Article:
But there's not a player on that list who wasn't a geometrically better pitcher last season than Eric Milton.

The problem is that it appears you view Wins and Losses as being solely dependant on pitcher skill level.
Definitely not, there are many factors that go into wins. If I am looking at a pitchers skill level, sure I'll look at ERA, K/9, K/BB, SLG against, BAA, WHIP, and W's. But what I care about is if my team makes the playoffs, and wins are what get a team to the playoffs, so that is what I'm ultimately worried about. So if for some reason, whether it's run support or a low ERA/WHIP that gets Milton wins, I don't care, if he's not getting wins, I'm upset.

They're not. In fact, for Pitchers, Wins and Losses shouldn't even be considered performance evaluation metrics because they tell us so little about what actually happened. They're team-dependant event outcome assignments. A pitcher can't record a Win if something beyond their control doesn't perform (ie. the offense) but CAN record a win even if their performance hinders their team's chances of outscoring their opponent.

Pitcher-recorded Wins simply don't care how good or bad the Pitcher actually was. And yes, if a Pitcher posts a 5.00 ERA they're hurting their team.

All Wins are not created equal.

Edited to add: Please see my comments amongst yours above in red. When I looked at the post, they don't stick out as much as I thought they would.

Let me ask you this, if Milton goes 5-10, with a 3.25 ERA, 1.25 WHIP what will your thoughts be then?

And just to be clear Steel, I respect your opinion, just want understand it more, I appreciate you going through what you have here, I just want you to understand mine as well, I think what it comes down to here is I'm looking at ultimately I want the Reds in the playoffs, which I'm sure you do as well, and I don't care what the stats are as long as we get the wins. You are evaluating and getting on a more probability look at it than I. I'm no saber man, I admit it. But I just don't believe you can only look at stats. There are intangibles. Like why historically has Milton been given this run support? What was his run support as compared to other pitchers on the team? Could it be that players play better for some reason when he is pitching? Is he such a good team guy that consciously or subconsciously players play better for him? I know, far fetched, but I think there is more to it that just stats. I'll admit, if you look at his ERA it's not great, but his K/9 and K/BB numbers are pretty good. Let's hope Gully can get him to keep the ball down, go 23-3 with a 2.57 era, 1.15 whip and 7K's per 9. Then I think we'd all be very happy. :gac:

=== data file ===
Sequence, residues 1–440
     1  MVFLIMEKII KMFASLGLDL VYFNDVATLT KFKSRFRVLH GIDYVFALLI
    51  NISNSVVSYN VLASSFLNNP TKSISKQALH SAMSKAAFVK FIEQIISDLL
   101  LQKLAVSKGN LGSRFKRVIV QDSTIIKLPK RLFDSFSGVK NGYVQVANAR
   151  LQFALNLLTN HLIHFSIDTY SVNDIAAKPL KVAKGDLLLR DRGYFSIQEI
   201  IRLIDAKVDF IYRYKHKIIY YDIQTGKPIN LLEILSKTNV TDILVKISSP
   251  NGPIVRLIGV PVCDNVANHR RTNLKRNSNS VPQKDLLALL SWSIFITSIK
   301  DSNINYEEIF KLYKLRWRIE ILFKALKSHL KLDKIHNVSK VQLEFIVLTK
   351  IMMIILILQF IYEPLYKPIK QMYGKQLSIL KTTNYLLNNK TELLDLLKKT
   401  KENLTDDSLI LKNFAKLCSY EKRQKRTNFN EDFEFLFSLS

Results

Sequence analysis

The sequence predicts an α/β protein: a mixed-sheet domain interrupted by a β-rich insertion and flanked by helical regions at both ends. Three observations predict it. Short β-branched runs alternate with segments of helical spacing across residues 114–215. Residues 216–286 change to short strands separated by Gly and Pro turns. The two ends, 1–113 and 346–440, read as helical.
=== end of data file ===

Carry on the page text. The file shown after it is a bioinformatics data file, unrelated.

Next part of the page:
flyer85
12-29-2004, 01:01 PM
Let me ask you this, if Milton goes 5-10, with a 3.25 ERA, 1.25 WHIP what will your thoughts be then?


That he earned his money but his W-L record doesn't reflect it. The W-L record is subject to too many variables outside the control of the starting pitcher.

MikeS21
12-29-2004, 01:05 PM
Dude - never say that again!!!!!

While I agree that Milton is not worth 8 million a year, Josh Hancock does not belong in any rotation thats league does not have the intitals of AAA on it. Hancock throws slop. He has no out pitch. If he is in a rotation that rotation is in serious trouble. He had a decent month. Lots of bad pitchers have had decent months. Don't let it fool you - he is not an answer to any relevant question.
You missed my point. My point is that the level of upgrade from Hancock to Milton is not as wide as some would have us believe. I agree that Hancock has an extremely low ceiling. And he does have junk pitches, I'll grant you that. But I'm not conviced you can pawn him off as lifetime AAA material just yet. He may have had a good month, but he also pitched four pretty good games - two against the Cubs and two against the Cards.

All I'm saying is that I think Hancock could pitch 150 innings and post an ERA around 4.80. While that's not great numbers, it also not that much worse than Milton's 200 innings and 4.75 ERA.

SteelSD
12-29-2004, 01:05 PM
Let me ask you this, if Milton goes 5-10, with a 3.25 ERA, 1.25 WHIP what will your thoughts be then?